Tuesday, December 13, 2011

How to Read a Croatian Wine Label

The first Croatian wine label that I saw might as well have been on a bottle of vodka. I couldn't even distinguish the name of the winery from the name of the grape varieties on the wine label. Fortunately, Sasha Lusic, owner of D'Vino wine bar in Dubrovnik and one of the funniest guys I met on my five-week press trip, took a minute to show me how to read a Croatian wine label.

Every Croatian wine label will display the wine's quality level. This is similar to Italy's IGT, DOC, and DOCG quality rankings. Croatia's wine quality rankings are:

Vrhunsko - "top quality wine"
Kvalitetno - "quality wine"
Stolno - "table wine"

These rankings are generally helpful, but some great wines are labeled stolno, or table wine. "You have Frano Miloš," explained Sasha, "who's 2004 Stagnum won a Bronze at the Decanter World Wine Awards. The government only labeled his wine stolne, but he's winning awards with that particular wine."

The next thing to look for is the grape name, which is almost always proudly displayed in large letters on the label. Croatia's popular grapes include:

Croatian White Grapes:

Debit
Grasevina
Malvazija
Marastinat
Muškat
Pinot Sivi (Pinot Gris)
Pinot Bijelo (Pinot Blanc)
Posip

Croatian Red Grapes:

Babic
Cabernet Sauvignon
Pinot Crni (Pinot Noir)
Plavac Mali (relative of Zinfandel)
Refosk
Teran

However, not every label features a grape name, especially in the case of blended wines, and sometimes the growing region is so famous that it takes the place of the grape name. Of course, many labels list both the grape name and the growing region. The wine label to the right features a wine from the famous Dingac region, where some of Croatia's best red wines are made with the Plavac Mali grape.

Croatia has a large number of wine producing regions, and the one's I came across the most during my trip were:

Dingac
Postup
the island of Korcula
Slavonia
Istria
the island Krk
Kutjevo

Interestingly, many wine labels do not prominently display the name of the winery. The above wine is made by Milicic winery, and the name is half obscured by the growing region. This isn't the case withe label below:


This label below features a wine produced by one of the few cooperatives that still operate in Croatia. For this reason, the winery is simply represented by the name of the town in which the cooperative operates: Cara.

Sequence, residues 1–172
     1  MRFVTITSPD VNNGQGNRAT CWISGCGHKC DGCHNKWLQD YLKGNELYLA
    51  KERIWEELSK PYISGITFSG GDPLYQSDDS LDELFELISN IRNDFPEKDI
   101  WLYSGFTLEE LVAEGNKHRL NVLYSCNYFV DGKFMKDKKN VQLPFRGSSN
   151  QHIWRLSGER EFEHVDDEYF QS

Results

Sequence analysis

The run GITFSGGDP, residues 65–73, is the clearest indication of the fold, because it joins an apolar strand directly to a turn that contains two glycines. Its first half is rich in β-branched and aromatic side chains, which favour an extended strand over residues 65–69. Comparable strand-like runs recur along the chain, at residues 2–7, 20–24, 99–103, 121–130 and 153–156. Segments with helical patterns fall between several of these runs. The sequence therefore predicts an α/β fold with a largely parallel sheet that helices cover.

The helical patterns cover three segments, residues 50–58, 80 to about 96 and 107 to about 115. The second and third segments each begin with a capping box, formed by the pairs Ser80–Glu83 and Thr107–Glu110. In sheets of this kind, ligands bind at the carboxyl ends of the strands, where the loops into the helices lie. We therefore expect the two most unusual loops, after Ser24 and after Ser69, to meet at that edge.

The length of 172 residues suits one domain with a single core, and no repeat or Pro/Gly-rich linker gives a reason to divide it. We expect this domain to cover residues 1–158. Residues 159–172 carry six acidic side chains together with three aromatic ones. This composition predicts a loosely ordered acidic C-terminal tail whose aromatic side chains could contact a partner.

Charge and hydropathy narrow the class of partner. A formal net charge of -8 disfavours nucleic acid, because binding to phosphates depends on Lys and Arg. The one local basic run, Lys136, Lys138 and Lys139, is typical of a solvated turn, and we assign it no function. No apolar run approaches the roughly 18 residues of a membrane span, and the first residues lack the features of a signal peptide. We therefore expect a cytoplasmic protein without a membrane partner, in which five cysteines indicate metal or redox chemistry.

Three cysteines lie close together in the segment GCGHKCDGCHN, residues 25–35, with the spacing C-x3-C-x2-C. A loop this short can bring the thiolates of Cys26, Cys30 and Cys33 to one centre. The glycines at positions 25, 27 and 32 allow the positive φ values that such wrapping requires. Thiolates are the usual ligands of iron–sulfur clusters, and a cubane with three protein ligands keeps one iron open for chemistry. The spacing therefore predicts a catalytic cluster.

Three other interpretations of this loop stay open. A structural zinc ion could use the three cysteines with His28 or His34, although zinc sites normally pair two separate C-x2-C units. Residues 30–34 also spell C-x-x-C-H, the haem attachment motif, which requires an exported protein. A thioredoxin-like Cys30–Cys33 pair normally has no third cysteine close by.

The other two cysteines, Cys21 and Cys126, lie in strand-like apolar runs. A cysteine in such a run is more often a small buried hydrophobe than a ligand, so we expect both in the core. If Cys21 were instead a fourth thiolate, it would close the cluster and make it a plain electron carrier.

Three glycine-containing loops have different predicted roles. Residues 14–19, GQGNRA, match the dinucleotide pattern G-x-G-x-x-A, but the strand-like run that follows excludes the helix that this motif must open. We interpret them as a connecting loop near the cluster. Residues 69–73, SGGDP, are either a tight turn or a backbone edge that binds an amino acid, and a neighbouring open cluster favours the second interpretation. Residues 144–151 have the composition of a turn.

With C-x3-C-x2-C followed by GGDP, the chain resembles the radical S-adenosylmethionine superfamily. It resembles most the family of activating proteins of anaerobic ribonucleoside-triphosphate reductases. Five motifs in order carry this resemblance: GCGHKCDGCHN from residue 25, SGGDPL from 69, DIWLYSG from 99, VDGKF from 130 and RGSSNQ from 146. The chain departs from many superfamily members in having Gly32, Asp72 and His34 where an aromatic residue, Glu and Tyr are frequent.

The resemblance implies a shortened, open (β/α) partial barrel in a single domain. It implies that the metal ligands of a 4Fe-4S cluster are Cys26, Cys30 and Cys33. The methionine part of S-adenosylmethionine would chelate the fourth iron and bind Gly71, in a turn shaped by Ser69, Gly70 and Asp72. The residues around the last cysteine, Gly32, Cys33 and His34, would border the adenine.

The word "vinogorje" means vineyard grape-growing region, and this label shows that the Posip grapes were grown on the island of Korcula.

These are the most important aspects of a Croatian wine label. To recap, look for quality of the wine, the grape, and the growing region, and whatever word is left on the label is most likely the name of the winery. If you get this down, the label below should pose no problems:

8 comments:

Wines of Croatia said...

Hi Mattie,

Nice article - thank you for sharing your experiences and insights.

Just two quick corrections: "Plavac" is not a wine growing region. Some producers use the term as a shortened version of Plavac Mali, the grape, often for simpler versions of the wine (unoaked, low alcohol). Also, "vinogorje" means wine-growing area or region, not vineyard. "Vinograd" is the word for vineyard.

Zivjeli!
Cliff

http://www.winesofcroatia.wordpress.com

Mattie John Bamman said...

Hi Cliff,

Thanks for dropping by and thank you for helping me get the details right (my Croatian could really improve).

I am confused about Plavac. You say it's not a growing region but I was told that it's the flat area on the Peljesac peninsula that leads up to Postup. Do you know if this was just a local term or a generalization?

---Mattie

Wines of Croatia said...

Hi Mattie,

Well, that's partially correct, although I don't think "Plavac" is an actual growing area. Rather,much of the Plavac grown on the interior plain of the Peljesac peninsula (near Potomje) and Hvar are labeled "Plavac". These are the simpler, leaner, lower alcohol "field" versions of Plavac Mali. There are wines labeled "Plavac" from both Hvar and Peljesac. So while it is not a name for a single growing area, it does suggest that the wine was made from Plavac Mali grapes grown on the flat interior areas of the coastal growing regions.

Hope this helps clarify!

Best,
Cliff

Mattie John Bamman said...

Crystal clear! It's just this level of detail that I like. Thanks for supplying the finer details.

Sima said...

Very useful article! Especially loved all the great tips and photos to match. Croatia has excellent wines that are often overlooked. Even homemade wines, especially in the areas of South Dalmatia, have truly impressed us!

Stjepan said...

Nice and useful article and good fine-tuning from Cliff. Well noted by the author that there is no consistency in that main central title on the front label, that can go from the winery name over grape name, all the way to the narrow growing region. Photos say that pretty well. The rest is pretty consistent and by the rule (quality rank, region etc). Funny part that those things still confuse even some people in Croatia who are not so much into wine and might go as far to think that Krathauker is a varietal and not an estate or family name, or Dingac taken for varietal and not the terroir. Interestingly Babić that is a grape on the other hand is also a very frequent family name in Croatia. The least confusing would be if some Babić would grow Babić ;-)

Mattie John Bamman said...

Sima - Thanks for the kind words, I'll have to find homemade wine on my next trip.

Stjepan - You've completely and utterly confused me. I'm going to delete this blog post and quit drinking wine. It's all too much :-) What I really mean is: Bring on the Babic!

Stjepan said...

sorry for being confusing as much as some wine labels. Maybe I should consider stop drinking ;-) However do not remove the post, it's excellent indeed (I'm sober now)